A decade of evo­lu­tion

The re­tailer’s bold ini­tia­tive aimed at im­prov­ing and adapt­ing its broad ser­vice has carved a niche for it among peers

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In the best of cir­cum­stances re­tail­ing is not for the faint-hearted, and while it’s dif­fi­cult to de­fine “the best”, SA’S cur­rent en­vi­ron­ment might not make it into that cat­e­gory.

As a ma­jor re­tailer, Woolworths plays cen­tre stage in the drama that is 21st cen­tury SA. There is al­most noth­ing that un­folds in this coun­try that does not touch on the group — its em­ploy­ees, cus­tomers, sup­pli­ers, com­mu­nity mem­bers or share­hold­ers. A train set alight in Re­treat, Cape Town, a com­pe­ti­tion com­mis­sion hear­ing into the gro­cery re­tail sec­tor, a tex­tile fac­tory go­ing up in flames, changes to the BBBEE leg­is­la­tion, a weaker rand, politi­cians de­mand­ing faster trans­for­ma­tion — these are just some of the chal­lenges that need to be faced on a daily ba­sis by the Woolworths team. There are also the long-term en­vi­ron­men­tal chal­lenges, ev­ery cli­matic model raises red flags over water avail­abil­ity in the Cape; en­ergy (in what­ever form) is set to be­come a pro­hib­i­tively ex­pen­sive com­mod­ity.

And con­sumers’ pref­er­ences are chang­ing. Con­sumers want to know more about what it is they are con­sum­ing, where it came from, and why it has to be cov­ered in so much plas­tic. Woolworths has to try fig­ure out which way things are head­ing and which way it should be head­ing.

Ten years ago the group upped its com­mit­ment. It launched a far­rang­ing ini­tia­tive aimed at co-or­di­nat­ing and driv­ing its de­ter­mi­na­tion to make a real dif­fer­ence that would ben­e­fit all stake­hold­ers. The dy­namic na­ture of the com­mit­ment was ev­i­dent in the name, the Good Busi­ness Jour­ney (GBJ).

In SA, CEO Zyda Ry­lands is re­spon­si­ble for driv­ing the am­bi­tious pro­gramme and is un­fazed by the com­plex dy­nam­ics at play.

Ry­lands is ob­sessed with her tar­get mar­ket. Cus­tomers ap­pear to pay lit­tle at­ten­tion to the im­pres­sive achieve­ments notched up by the GBJ — the hun­dreds of sup­pli­ers in­tro­duced to its sus­tain­able farm­ing pro­gramme, the hefty fi­nan­cial con­tri­bu­tions to com­mu­ni­ties, bil­lions of rand of wealth cre­ated for black em­ploy­ees, sig­nif­i­cant re­duc­tion in rel­a­tive water and en­ergy use, the hun­dreds of small en­ter­prises it has helped de­velop, the thou­sands of jobs cre­ated, the 10m plus plas­tic bot­tles re­cy­cled into us­able fi­bre for jeans and T-shirts — in­stead they fo­cus on where the group has dis­ap­pointed them.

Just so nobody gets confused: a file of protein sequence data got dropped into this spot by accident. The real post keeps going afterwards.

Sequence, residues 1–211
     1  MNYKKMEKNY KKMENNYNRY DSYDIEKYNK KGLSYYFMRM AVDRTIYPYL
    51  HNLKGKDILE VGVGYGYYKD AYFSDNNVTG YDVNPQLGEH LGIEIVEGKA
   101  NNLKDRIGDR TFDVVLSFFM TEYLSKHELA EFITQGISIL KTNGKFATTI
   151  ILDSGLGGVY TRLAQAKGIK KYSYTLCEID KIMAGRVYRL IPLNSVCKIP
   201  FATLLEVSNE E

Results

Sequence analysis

Ry­lands be­lieves the pas­sion with which con­sumers sin­gle out Woolworths is an in­di­ca­tion of their pas­sion for the group. She be­lieves a big part of that pas­sion is down to the GBJ, which has placed Woolworths at the very cen­tre of peo­ple’s per­cep­tions about a wide ar­ray of en­vi­ron­men­tal and eth­i­cal is­sues.

“I see this sort of re­ac­tion in a pos­i­tive light, it keeps us on our toes. It means our cus­tomers know we take the is­sues very se­ri­ously and it en­sures we can never take any­thing for granted,” says Ry­lands.

“It’s called the Good Busi­ness Jour­ney, it’s a jour­ney that will never be over . . . never. There will al­ways be chal­lenges and things we can do bet­ter, things that are as im­por­tant to our cus­tomers as they are to us.”

When then CEO Simon Sus­man launched the GBJ in 2007 it was the first of its kind in SA re­tail.

Sus­man was driven by the re­al­i­sa­tion that sus­tain­able growth could only be achieved by pay­ing greater at­ten­tion to the world around us.

“The links be­tween eco­nomic growth, trans­for­ma­tion, so­cial de­vel­op­ment, the en­vi­ron­ment and cli­mate can ei­ther form a vi­cious or vir­tu­ous cir­cle,” says Sus­man.

The ini­tial plan was for five years, and fo­cused on

What it means:

Im­pec­ca­ble: Woolies en­sures high­est stan­dards pro­cesses in its fresh pro­duce

Zyda Ry­lands: Adapt­ing to 21st cen­tury SA’S ever-chang­ing trends

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